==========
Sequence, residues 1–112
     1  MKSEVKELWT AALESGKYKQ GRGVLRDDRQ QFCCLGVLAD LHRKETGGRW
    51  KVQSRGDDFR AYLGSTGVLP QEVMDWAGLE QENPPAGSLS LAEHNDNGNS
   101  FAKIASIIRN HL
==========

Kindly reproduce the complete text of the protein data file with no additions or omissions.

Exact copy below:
Sequence, residues 1–112
     1  MKSEVKELWT AALESGKYKQ GRGVLRDDRQ QFCCLGVLAD LHRKETGGRW
    51  KVQSRGDDFR AYLGSTGVLP QEVMDWAGLE QENPPAGSLS LAEHNDNGNS
   101  FAKIASIIRN HL